Friday, January 30, 2009

Borders in the Paris Peace, Primer, Part I

OK, well I accidentally mentioned changes of boundaries and frontiers in the last post. I can't avoid using that as a lead-in to the territorial issues of the Peace. Still, I wouldn't want anyone to get hurt (or worse!) by a long disquisition on border changes--not on my blog watch, by golly!! So, I will try to lay out a few ideas about peacemaking and borders without being too prolix.

Somewhere close to the inner core of every war--in their Clausewitzian heart of causation/aims/goals--is territory. Real estate. Land.

Broad issues of world power, imperial dynamism, even ideology and religion, may shape all kinds of issues in starting and stopping wars. But wars tend to begin and end with territorial changes as both war aim and peace aim. At the end of the wars these changes tend to reflect new power relationships.

Stated baldly, the power of the victors over the vanquished at the end of a war is almost always expressed in changes of boundaries, since the vanquished almost always lose territory to the victors or their clients. Often the war begins over a chunk of territory. Sometimes, the very movements of armies in war creates new territorial claims. Frequently in the history of Europe, territory changes hands (that is, borders are altered) at the end of a war because in classical European statecraft, territory and population meant strength. Hence, after winning a war, in addition to various other claims, you wanted to weaken the enemy by taking away territory and population. By the same token, you wanted to strengthen yourself and your friends by gaining territory and population.

Now, the issues facing the Paris peacemakers were legion, but they fell into three basic categories. The Allies wanted Germany disarmed and disabled from attacking her neighbors again. The Allies wanted to deal with vast financial issues (having to do both with making Germany pay for the war and with a new kind of financial order, based on recent international and domestic financial regimes). And then there was Territory.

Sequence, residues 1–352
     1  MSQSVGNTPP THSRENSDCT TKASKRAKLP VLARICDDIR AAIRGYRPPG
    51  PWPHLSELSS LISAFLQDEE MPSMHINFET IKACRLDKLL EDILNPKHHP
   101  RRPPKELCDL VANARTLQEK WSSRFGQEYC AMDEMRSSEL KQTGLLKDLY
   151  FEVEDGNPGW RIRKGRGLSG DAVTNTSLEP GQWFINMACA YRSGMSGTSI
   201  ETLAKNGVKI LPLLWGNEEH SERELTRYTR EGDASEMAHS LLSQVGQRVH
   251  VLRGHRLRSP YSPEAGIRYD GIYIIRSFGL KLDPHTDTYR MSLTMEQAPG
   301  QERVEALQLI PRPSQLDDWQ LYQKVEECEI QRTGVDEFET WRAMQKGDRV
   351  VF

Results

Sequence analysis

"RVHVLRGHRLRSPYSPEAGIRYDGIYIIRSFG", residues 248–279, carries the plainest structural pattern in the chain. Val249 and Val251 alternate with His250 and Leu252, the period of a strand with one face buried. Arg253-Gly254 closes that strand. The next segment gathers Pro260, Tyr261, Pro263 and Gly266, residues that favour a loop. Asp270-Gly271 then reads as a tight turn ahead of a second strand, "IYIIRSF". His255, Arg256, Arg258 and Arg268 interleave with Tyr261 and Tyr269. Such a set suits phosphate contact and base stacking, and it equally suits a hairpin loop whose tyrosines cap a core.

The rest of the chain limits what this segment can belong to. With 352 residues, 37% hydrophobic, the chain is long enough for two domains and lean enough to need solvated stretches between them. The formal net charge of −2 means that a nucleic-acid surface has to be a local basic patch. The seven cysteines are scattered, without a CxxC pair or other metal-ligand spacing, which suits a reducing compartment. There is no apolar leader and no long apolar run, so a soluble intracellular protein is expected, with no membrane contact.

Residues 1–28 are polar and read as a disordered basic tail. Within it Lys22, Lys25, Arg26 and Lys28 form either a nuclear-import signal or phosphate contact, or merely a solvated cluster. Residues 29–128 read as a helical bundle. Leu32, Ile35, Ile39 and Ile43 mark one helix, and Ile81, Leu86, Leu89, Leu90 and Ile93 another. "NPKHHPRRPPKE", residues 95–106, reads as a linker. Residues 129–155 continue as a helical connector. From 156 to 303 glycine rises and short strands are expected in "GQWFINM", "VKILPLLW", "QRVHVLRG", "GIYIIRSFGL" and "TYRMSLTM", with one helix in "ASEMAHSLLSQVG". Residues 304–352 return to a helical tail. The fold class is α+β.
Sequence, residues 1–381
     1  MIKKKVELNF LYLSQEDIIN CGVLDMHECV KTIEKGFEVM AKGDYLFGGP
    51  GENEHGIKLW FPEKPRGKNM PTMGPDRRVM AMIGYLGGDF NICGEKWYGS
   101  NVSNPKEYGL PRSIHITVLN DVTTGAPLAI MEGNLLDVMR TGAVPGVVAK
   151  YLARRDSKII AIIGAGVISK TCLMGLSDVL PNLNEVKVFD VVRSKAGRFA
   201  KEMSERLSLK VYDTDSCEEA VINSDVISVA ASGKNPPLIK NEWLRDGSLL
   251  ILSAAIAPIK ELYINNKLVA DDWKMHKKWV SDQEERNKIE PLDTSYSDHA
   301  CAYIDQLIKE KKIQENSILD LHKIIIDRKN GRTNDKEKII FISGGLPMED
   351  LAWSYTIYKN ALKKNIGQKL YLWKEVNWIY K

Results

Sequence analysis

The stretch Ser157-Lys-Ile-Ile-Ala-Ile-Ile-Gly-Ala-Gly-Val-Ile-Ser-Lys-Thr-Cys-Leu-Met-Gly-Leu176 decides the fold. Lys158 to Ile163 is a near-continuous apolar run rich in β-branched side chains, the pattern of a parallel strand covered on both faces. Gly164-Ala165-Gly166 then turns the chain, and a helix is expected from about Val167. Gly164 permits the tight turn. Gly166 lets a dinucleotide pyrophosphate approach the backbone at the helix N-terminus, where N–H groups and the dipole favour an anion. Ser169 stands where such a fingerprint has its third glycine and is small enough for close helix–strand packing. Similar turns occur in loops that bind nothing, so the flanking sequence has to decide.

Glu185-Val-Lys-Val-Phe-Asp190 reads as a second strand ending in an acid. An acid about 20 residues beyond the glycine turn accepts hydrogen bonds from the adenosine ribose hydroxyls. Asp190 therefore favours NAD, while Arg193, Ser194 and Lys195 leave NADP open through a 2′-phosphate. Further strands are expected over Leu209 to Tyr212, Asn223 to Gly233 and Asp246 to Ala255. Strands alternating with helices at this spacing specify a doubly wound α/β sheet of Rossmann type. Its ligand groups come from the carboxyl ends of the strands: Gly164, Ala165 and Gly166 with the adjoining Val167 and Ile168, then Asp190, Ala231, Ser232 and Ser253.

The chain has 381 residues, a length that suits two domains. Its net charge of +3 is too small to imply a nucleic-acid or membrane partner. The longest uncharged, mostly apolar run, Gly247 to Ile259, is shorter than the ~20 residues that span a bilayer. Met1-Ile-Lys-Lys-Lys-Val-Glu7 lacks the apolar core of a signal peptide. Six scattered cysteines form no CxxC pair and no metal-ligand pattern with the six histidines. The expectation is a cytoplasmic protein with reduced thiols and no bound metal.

So, to end this very Primer, let's just say that the territorial issues of the Paris Peace were huge. They involved the breakup of each of Central Powers' empires (Germany, Austria-Hungary, and the Ottoman Empire) and the breakup of the Russian Empire too, even though Russia had been an Entente partner. Each of these empires fell into pieces. Put another way, large pieces of their territories were up for grabs, often by rival grabbers. The Paris peacemakers desired to regulate all this, but as we shall see, such issues are usually extremely complicated and may usually be viewed from extremely varied perspectives.

All of this was complicated by the nineteenth-century doctrine of "nationalism" and the early twentieth-century version of it dubbed "self-determination" by political scientists and publicists in the years before World War I. But we should save that for Primer, Part II.

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Design of a Violent Century by Hunt Tooley is licensed under a Creative Commons Attribution 3.0 Unported License.